Today: June 13, 2024

Sam Mendes: The Man With The Golden Ticket

Say the name Sam Mendes and one word comes to mind: Bond.

There’s no doubt that the director will be forever credited with giving Bond a massive kick up the franchise. It was in 2012 that Mendes took the helm for what would be the 23rd Bond outing – Skyfall.

He was, perhaps, a surprise choice of director. A darling of the indie scene, who had noticed up both awards and box office success with the likes of Road To Perdition and Jarhead. His debut feature, American Beauty, grossed a staggering $356.3 million and won him an Academy Award for Best Director. But how well could he handle a huge franchise like Bond? As it turned out, very  well indeed.

Skyfall was a billion dollar hit, with Mendes and Daniel Craig the Dream Team that made it all happen.

Moving Bond away the ‘70s kitsch it had been associated with for so long, and into a grittier, post-9/11 world was a move that divided fans, but Eon were delighted with the results. More than that, they were desperate to sign the duo up for two more Bonds, to be filmed back-to-back.

Amazingly, though, Mendes was reluctant to commit. Eventually the back-to-back script idea was abandoned and Bond was effectively put on hold. And all so that Sam Mendes could work on the stage version of Charlie And The Chocolate Factory.

We’re all so used to the power of Hollywood that it seems inconceivable that any director should be willing to walk away from an international hit to work in the theatre. But, before he made his name behind the camera, the stage is where Mendes learnt his craft, giving angsty spins to old favourites such as Cabaret, Oliver! and Gypsy.

Charlie was to be the first original musical that Mendes had worked on, giving him the opportunity to craft a brand new production, entirely free from the baggage of past performances.  The result is a staggering blend of stage craft and Hollywood pazaz – awash with SFX, filmic trickery and playful theatricals. Charlie And The Chocolate Factory is a truly massive production, executed with flair and a generous dusting of magic.

The show opened in June 2013 and has proved itself to be every bit the Five Star family musical that Mendes promised. It’s also daring, dark, and subversive enough to keep the adults entertained while the kids goggle at the spectacle of naughty boys and girls being flushed, shrunk and turned into giant blueberries.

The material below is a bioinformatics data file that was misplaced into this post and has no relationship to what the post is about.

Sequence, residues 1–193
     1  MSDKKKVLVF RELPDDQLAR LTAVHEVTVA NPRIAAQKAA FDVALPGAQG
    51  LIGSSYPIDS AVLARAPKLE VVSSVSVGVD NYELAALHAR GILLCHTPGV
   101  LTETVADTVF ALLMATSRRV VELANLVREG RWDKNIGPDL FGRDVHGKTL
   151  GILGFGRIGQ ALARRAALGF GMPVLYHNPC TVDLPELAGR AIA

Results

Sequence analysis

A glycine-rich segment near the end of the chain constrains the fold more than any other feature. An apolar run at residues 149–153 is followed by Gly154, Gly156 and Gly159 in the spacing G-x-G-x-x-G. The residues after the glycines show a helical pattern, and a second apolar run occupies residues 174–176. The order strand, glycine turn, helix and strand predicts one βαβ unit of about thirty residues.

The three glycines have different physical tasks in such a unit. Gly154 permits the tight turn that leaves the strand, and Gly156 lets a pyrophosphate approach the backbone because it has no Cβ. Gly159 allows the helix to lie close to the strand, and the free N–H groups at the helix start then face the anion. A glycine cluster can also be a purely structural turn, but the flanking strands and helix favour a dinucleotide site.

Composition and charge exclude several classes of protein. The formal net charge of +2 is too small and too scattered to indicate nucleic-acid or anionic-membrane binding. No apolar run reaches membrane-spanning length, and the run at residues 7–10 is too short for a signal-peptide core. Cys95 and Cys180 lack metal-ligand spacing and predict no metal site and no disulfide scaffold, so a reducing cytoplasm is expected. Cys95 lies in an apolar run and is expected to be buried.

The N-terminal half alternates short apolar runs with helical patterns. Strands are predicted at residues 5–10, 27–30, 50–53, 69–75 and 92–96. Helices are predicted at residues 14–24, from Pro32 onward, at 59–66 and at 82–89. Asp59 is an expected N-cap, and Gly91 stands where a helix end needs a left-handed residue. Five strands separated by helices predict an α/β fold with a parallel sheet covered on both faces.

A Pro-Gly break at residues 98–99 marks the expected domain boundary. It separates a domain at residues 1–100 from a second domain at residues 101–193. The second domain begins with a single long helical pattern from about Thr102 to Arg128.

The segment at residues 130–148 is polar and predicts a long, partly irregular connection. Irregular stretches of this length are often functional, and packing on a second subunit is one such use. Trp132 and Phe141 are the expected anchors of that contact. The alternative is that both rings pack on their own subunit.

Fast forward to 2015 and James Bond is back and playing to packed houses. Producers Michael G Wilson and Barbara Broccoli’s decision to wait for Mendes to finish work on Charlie seems to have paid off.  As of 22nd November 2015, Spectre has grossed over $677 million worldwide. Charlie And The Chocolate Factory isn’t doing too baldy either. The show currently holds the record for the highest weekly gross in the West End and is set to run until at least 2016.

Mendes has proved that a ‘safe’ technical director isn’t always the best choice to direct a large franchise. He’s proved that indie directors can handle the challenges of large productions and still maintain the sort of sophisticated, frame-for-frame attention to detail that he brought to American Beauty. He’s also shown that the worlds of film and theatre aren’t so different after all.

Skyfall’s most quiet, human moments have an echoes of Mendes’ Uncle Vanya and Twelfth Night. While the breathtaking spectacle of Charlie owes much to the excess of Bond.

What’s next for Sam Mendes? Probably not another Bond, although perhaps it’s best to never say never.


Paula Hammond - Features Editor

Paula Hammond is a full-time, freelance journalist. She regularly writes for more magazines than is healthy and has over 25 books to her credit. When not frantically scribbling, she can be found indulging her passions for film, theatre, cult TV, sci-fi and real ale. If you should spot her in the pub, after five rounds rapid, she’ll be the one in the corner mumbling Ghostbusters quotes and waiting for the transporter to lock on to her signal… Email:

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